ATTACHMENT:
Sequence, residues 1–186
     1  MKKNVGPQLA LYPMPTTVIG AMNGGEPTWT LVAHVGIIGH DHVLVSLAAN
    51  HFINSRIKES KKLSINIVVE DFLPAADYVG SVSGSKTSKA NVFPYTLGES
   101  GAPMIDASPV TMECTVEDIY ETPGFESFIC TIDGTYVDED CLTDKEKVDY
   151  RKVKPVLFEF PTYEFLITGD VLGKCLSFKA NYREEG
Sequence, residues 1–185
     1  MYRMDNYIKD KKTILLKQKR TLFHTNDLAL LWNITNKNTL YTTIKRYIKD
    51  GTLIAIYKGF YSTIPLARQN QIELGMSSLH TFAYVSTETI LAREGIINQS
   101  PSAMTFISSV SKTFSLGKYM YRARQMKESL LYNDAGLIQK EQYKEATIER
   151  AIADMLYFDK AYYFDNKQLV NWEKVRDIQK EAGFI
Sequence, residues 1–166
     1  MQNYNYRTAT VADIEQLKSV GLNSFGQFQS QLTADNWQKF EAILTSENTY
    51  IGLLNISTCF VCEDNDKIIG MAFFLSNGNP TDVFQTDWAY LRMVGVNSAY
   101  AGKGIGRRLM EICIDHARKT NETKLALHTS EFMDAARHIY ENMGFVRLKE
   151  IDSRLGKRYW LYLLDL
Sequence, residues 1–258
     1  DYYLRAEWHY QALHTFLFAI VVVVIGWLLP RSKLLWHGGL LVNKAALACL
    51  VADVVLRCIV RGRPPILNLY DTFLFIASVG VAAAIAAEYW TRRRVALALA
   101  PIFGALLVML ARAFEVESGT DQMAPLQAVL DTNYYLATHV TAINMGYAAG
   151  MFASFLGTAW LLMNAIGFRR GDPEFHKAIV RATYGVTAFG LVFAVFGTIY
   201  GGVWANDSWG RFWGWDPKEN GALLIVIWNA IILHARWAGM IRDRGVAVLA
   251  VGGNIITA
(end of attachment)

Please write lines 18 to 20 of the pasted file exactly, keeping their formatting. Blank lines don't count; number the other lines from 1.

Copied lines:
    51  VADVVLRCIV RGRPPILNLY DTFLFIASVG VAAAIAAEYW TRRRVALALA
   101  PIFGALLVML ARAFEVESGT DQMAPLQAVL DTNYYLATHV TAINMGYAAG
   151  MFASFLGTAW LLMNAIGFRR GDPEFHKAIV RATYGVTAFG LVFAVFGTIY